It’s important to pinpoint the prospective buyers your pub may attract, and start marketing the business to them. Young pub landlords, first time business buyers and retired pub owners are all different types of buyers who are buying for different reasons. Put yourself in the headspace of your ideal buyer. Why would they want to choose your pub compared to others? Having your USP pinpointed as mentioned above will really help with this.
Once you’ve worked out what type of person will be willing to invest in your pub, you can create an effective marketing plan. Advertise using a range of communication channels, with the help of an experienced business broker.
7. Always keep the pub polished
Take time to take care of the property and make sure the pub always looks its best. It goes without saying that potential buyers are going to turn up unannounced to check out the pub at any time of day, to sit back and get a feel for the atmosphere as a customer. Always be polished and ready.
This goes for marketing too – hiring a professional photographer when you’ve given the place a good clean will increase your chances of interested buyers. People want to see that your pub is well looked after on your online listing.
8. Follow house rules
Many pubs come with owner accommodation, and it’s important you pay as much attention to selling this as you do to sell your pub – it is part of the same building after all.
Apply the same rules as when selling a house: make sure there is minimum clutter, as much natural light as possible and make it a blank canvas for the buyers to use their imagination. Some fresh paint and small appliance upgrades can go a long way, as unattractive accommodation can put some buyers off. Perhaps hiring someone to do a deep clean of the place would help here too.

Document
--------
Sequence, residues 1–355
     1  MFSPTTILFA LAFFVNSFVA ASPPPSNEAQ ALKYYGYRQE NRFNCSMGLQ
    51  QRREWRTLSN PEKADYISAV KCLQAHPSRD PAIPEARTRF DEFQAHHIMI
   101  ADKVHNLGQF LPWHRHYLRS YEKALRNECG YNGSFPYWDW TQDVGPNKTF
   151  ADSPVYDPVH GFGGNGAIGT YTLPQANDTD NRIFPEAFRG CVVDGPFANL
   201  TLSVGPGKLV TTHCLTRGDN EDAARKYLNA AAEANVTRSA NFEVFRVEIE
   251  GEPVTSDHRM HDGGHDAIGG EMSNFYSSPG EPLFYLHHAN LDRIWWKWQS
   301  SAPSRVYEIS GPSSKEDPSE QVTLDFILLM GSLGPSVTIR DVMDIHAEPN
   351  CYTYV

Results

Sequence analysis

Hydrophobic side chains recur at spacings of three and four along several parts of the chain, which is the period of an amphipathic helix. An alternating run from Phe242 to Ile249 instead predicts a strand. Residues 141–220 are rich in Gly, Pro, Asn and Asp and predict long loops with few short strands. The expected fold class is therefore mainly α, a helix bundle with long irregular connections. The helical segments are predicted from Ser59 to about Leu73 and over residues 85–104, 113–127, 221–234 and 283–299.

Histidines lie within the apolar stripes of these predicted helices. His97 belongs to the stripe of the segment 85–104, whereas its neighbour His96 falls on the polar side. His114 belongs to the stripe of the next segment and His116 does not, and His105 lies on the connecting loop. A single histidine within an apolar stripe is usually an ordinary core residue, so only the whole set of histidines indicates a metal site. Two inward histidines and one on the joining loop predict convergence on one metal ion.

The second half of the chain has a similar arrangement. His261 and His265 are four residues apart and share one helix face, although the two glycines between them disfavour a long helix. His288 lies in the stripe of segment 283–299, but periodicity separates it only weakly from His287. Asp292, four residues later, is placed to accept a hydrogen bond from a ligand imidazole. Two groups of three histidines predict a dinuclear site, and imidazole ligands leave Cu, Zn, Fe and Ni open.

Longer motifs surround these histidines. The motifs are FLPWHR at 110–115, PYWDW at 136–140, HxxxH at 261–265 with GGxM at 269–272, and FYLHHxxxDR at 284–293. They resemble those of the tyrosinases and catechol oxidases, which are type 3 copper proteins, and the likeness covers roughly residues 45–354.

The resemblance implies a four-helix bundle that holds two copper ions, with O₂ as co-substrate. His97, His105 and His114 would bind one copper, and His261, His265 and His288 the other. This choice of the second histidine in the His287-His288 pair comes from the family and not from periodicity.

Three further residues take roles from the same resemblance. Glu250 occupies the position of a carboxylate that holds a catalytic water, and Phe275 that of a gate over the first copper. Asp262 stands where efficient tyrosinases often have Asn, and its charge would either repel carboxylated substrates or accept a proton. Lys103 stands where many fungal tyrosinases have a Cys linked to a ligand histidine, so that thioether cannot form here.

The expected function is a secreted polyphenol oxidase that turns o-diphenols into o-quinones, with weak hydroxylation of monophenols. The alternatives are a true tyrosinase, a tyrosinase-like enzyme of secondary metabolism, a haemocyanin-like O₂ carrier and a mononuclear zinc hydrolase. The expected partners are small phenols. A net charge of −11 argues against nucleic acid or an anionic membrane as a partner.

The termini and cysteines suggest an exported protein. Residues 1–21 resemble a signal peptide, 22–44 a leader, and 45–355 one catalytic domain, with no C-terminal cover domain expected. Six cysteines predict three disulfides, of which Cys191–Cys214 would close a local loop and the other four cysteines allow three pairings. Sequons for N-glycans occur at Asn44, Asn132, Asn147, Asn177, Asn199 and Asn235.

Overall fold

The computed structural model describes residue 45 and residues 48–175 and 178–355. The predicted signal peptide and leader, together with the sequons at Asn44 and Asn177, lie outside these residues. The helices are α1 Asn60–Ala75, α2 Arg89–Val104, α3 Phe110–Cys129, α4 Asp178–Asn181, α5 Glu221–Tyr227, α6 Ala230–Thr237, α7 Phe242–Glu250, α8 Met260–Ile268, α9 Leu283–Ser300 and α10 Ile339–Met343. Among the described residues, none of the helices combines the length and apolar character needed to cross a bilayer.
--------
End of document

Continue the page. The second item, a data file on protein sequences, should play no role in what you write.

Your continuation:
9. Pick the buyer and finalise the deal
Once you’ve picked a buyer that you truly feel will take your pub to the next level, it’s time to finalise the deal. This involves the buyer undertaking due diligence to ensure everything you promised will be delivered as well as double checking the specifics such as legal, financial and commercial aspects of your business, including accounts, IP protection, tax compliance and more.
10. Now it’s time to hand over
Now it’s time to hand over to the new buyers. This can include information such as staff details, customer information, key processes, accounts, an inventory, and more. Be on hand as much as you can during this time to answer any final questions that may crop up. The buyer will then sign a final contract of sale, and then the process is complete!